Editors' Note: This article is part of the Patheos Public Square on Moving Past Hatred. Read other perspectives here.
Whether one chooses to follow the discourse on global conflict, or attempts to withdraw in a quest for greater sanity, it is a challenge to avoid being reminded of the egregious human toll taken by geopolitical, ethnic, and religious conflicts around the world. I do not doubt that the majority in either camp genuinely prays for reason, or simply yearns for a more peaceful world. But compound these experiences with the continued polarization of global media and the disturbing opportunism of many world leaders in politics, faith, and otherwise, and it is easy not to question how lay observers at times reach xenophobic conclusions about entire regions, religions, and communities in the present day. Too often, irresponsible, hateful, divisive, dehumanizing, yet convenient speech becomes the language of choice used to usurp popular support, or to "please" God.
What is most devastating, however, is when broad-brush xenophobia from should-be responsible leadership—faith leaders, elected officials, media personalities, and others of influence—so successfully breaches societies, as has become an alarming trend. Whereas the state of our world should make those entrusted with power eager to encourage peace and to seek just and rational perspectives, too often do influential voices capable of profound healing and social good tumble to hateful bigotry while furthering half-truth narratives and propaganda born of ignorance at best or the intention to mislead at worst. And too often do these leaders go unquestioned by people of conscience.
Whether in light of dehumanizing "Trojan Horse" conclusions about desperately suffering Muslim migrants—Syrians, Palestinians, Iraqis, and others—fleeing to Western nations for refuge, or the disturbing onslaught of anti-Semitism from many global Muslim clerics, with their repeatedly skewed justification in the Israeli-Palestinian conflict, the responsibility to speak up and to slow cycles of hatred lies with those of us who observe them. When we advance this counterproductive rhetoric and these one-sided narratives in our homes and in our communities, we fail to recognize that they are most often championed by the most harmfully opportunistic of political, social, and religious leaders, who selfishly and senselessly perpetuate conflict, in the name of justice, to no just or mutually beneficial end. These sensationalist voices rise to power at the expense of their own people's ability to recognize the inherent humanity in the other—or the 99 percent of similarity.
Rather than champion an equal justice and an elevation of human worth, as opposed to vengeance and dehumanization, too often have those with self-proclaimed just motives and perceived intelligence become the standard-bearers of ignorance, fueled by the power of mass media. Yet it is incumbent upon us to declare that rhetoric that does not take into account the humanity and human rights of another just as oneself, that perpetuates vile bigotry or leaves out the complete narrative, pain, and grievances of another, is not rooted in justice. And the necessary risk of challenging how irresponsible leaders so easily take away another's right to equal dignity, voice, and safety, of upholding our absolute ability to coexist and respect another in the face of a barrage of voices and events telling us otherwise, must begin within. It must begin at home. This challenge must then be carried into mosques, synagogues, churches, community centers, and to our world leaders.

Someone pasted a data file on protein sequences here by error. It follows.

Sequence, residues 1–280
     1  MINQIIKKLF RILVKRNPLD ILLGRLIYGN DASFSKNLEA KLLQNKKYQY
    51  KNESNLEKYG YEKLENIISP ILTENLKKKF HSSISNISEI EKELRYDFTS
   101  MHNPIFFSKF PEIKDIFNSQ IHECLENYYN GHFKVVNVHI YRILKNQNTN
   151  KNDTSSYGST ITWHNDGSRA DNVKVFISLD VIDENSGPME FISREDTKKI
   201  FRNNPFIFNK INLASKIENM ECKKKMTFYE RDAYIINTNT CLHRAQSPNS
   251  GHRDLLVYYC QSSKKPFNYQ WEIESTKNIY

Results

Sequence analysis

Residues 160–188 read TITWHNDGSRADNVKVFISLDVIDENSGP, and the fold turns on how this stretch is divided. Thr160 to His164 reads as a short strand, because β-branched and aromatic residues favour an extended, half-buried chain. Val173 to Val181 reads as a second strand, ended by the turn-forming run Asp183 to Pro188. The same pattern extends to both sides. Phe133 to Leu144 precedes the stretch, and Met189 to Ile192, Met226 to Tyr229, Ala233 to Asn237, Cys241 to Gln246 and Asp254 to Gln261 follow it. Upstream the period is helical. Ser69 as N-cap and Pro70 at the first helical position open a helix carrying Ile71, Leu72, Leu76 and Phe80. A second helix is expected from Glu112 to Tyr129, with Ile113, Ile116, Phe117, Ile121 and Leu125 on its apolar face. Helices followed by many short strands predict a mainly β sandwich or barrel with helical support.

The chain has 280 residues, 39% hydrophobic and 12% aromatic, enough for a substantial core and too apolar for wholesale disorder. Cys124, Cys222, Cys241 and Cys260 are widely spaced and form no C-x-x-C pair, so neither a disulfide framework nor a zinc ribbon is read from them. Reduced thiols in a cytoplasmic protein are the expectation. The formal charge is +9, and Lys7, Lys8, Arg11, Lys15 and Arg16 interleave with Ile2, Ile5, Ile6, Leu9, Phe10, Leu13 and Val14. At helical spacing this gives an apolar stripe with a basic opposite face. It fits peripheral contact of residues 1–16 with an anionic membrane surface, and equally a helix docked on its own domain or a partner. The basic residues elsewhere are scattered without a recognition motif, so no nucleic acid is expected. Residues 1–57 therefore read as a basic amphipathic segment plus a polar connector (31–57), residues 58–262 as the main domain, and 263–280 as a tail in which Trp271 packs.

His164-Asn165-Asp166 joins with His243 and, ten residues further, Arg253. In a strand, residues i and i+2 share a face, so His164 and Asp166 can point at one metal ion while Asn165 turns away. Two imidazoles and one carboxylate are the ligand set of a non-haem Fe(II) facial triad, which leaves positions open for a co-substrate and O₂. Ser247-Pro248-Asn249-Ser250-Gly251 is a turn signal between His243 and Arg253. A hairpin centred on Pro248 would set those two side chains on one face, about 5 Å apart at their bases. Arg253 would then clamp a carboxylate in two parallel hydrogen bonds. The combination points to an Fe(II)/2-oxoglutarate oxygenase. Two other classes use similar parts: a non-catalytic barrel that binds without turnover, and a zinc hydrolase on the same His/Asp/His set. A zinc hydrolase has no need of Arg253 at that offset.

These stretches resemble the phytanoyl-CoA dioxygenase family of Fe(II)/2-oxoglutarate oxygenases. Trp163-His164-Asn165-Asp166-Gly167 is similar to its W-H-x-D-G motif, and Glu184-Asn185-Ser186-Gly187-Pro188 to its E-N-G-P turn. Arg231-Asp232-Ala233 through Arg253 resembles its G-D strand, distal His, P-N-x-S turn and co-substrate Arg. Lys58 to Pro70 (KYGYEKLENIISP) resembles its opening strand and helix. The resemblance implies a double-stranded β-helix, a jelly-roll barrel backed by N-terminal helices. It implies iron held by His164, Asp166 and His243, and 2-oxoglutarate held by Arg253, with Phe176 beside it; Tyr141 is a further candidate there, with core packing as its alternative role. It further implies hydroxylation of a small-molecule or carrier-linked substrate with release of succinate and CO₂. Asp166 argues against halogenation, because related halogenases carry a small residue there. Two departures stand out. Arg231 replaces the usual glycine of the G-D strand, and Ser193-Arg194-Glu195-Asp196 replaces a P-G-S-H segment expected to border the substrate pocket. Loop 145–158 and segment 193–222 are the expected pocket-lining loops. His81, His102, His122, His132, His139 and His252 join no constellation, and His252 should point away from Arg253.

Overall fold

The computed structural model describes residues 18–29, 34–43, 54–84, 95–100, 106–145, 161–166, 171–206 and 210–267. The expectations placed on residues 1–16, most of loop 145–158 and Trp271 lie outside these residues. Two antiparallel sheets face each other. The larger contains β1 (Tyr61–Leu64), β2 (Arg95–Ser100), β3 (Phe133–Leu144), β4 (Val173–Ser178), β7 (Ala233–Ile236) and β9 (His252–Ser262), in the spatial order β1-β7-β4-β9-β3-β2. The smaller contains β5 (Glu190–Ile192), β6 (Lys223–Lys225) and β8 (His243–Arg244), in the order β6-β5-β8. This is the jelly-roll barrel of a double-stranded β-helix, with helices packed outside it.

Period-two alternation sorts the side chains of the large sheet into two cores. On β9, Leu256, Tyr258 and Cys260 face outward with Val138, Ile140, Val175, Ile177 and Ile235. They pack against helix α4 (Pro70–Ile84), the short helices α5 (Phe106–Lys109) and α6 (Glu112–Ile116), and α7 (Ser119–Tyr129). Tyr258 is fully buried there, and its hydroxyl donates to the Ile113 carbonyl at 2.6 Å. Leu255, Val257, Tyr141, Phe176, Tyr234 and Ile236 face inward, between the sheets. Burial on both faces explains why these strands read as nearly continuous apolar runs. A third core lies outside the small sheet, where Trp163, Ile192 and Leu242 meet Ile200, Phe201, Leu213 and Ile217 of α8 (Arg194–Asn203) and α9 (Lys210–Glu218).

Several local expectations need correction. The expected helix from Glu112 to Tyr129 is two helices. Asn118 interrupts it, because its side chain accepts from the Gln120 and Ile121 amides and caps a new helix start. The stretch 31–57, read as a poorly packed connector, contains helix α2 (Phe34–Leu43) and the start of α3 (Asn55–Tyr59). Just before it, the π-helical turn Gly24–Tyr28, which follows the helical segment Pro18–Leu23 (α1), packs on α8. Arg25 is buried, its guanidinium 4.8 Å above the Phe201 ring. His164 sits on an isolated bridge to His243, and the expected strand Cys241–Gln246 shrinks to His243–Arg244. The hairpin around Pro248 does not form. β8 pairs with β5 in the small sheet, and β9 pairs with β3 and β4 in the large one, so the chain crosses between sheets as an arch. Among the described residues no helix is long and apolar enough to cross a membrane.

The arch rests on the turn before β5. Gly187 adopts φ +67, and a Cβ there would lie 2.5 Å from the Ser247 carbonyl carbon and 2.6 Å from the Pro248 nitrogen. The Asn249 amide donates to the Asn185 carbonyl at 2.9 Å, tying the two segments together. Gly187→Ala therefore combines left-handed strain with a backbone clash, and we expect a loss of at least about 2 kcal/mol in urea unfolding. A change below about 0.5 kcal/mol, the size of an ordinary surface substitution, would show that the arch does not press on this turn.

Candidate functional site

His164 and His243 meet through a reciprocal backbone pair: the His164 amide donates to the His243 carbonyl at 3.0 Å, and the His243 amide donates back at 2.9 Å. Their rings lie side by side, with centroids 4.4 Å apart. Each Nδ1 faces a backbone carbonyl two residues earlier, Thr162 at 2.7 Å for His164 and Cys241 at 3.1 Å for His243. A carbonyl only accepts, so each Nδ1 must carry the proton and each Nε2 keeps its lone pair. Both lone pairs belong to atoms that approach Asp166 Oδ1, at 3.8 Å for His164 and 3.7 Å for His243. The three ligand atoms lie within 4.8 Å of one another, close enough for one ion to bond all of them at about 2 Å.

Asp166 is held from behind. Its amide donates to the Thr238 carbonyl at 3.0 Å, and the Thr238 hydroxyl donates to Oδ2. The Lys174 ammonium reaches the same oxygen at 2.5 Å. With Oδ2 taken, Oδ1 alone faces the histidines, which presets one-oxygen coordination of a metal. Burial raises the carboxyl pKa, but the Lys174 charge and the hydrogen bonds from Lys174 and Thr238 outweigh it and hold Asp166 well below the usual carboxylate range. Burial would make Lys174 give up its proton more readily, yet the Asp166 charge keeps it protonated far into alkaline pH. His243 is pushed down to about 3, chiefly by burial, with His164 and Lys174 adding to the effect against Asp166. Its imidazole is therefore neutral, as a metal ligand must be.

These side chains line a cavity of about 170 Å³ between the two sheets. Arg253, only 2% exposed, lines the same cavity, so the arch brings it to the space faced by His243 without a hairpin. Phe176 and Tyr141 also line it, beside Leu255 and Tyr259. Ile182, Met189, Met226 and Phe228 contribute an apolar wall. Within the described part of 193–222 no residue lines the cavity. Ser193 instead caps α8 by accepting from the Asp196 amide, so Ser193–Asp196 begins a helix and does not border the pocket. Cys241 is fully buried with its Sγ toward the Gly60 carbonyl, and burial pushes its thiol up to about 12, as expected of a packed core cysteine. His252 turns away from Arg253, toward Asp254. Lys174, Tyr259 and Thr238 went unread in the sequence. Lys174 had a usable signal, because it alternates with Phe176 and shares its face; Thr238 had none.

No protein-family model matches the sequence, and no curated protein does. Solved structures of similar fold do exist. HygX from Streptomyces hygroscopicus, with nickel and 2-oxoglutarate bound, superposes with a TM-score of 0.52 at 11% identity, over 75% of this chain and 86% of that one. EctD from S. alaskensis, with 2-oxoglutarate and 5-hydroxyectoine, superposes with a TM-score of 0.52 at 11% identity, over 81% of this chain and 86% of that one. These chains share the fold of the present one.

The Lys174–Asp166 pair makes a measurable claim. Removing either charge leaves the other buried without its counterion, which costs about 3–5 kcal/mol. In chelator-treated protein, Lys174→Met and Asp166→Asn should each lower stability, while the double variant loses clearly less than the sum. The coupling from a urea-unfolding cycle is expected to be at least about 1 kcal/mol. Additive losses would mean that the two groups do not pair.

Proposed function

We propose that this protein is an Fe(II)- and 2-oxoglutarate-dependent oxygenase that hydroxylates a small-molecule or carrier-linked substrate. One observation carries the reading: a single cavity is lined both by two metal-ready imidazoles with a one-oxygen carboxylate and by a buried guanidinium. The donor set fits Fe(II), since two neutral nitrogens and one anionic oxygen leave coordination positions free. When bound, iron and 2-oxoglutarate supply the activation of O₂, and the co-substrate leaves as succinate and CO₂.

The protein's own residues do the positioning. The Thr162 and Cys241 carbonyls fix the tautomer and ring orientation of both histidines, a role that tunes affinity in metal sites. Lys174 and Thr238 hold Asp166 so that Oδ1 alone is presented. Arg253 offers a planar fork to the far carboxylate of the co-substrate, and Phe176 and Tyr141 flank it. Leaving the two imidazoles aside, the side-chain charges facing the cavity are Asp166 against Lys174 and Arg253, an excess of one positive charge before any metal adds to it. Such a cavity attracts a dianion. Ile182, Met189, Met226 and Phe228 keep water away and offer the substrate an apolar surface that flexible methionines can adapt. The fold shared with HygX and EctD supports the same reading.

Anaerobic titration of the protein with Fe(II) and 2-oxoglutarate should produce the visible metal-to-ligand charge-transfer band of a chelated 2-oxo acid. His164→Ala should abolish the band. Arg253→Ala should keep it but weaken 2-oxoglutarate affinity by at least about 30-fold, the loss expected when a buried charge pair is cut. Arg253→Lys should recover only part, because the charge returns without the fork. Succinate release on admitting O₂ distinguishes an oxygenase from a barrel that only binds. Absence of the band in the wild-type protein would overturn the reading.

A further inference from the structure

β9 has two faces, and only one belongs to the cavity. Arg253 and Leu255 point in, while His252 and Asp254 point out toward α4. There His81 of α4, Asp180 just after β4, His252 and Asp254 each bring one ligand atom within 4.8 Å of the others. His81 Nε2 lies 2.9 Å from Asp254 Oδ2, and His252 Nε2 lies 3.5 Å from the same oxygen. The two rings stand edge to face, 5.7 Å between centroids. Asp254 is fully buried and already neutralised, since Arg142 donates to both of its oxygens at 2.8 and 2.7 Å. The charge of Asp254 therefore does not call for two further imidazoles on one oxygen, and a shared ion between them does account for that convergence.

But it must begin within. Let us never believe that confirmation bias and determining narratives we agree with to be the absolute truth—and what we disagree with, without sincere reflection, to be fallacious—makes us among the most courageous. In spite of what irresponsible leaders present at the podium or pulpit, let us not believe that the loudest cheers put one in the full right. Let us not believe that if we are screaming into an empty room, we are in the wrong. If we are the only one to stand after a hateful speech or sermon to emphatically say "no," so be it. Let us shy away from the belief that humanizing or making peace with one who identifies or believes differently than ourselves is naïve, that their factors of birth or personal identity make them inherently unworthy of our trust, compassion, or respect because a self-proclaimed leader indicated that it must be so, or because he twisted scripture in favor of his words. Let us not believe that pragmatism and compromise in our views are the things of traitors. Let us not hypocritically demand an end to bigotry against our own communities, while proliferating it against another. Let us stand higher and lead in the moments when our leaders may fail us.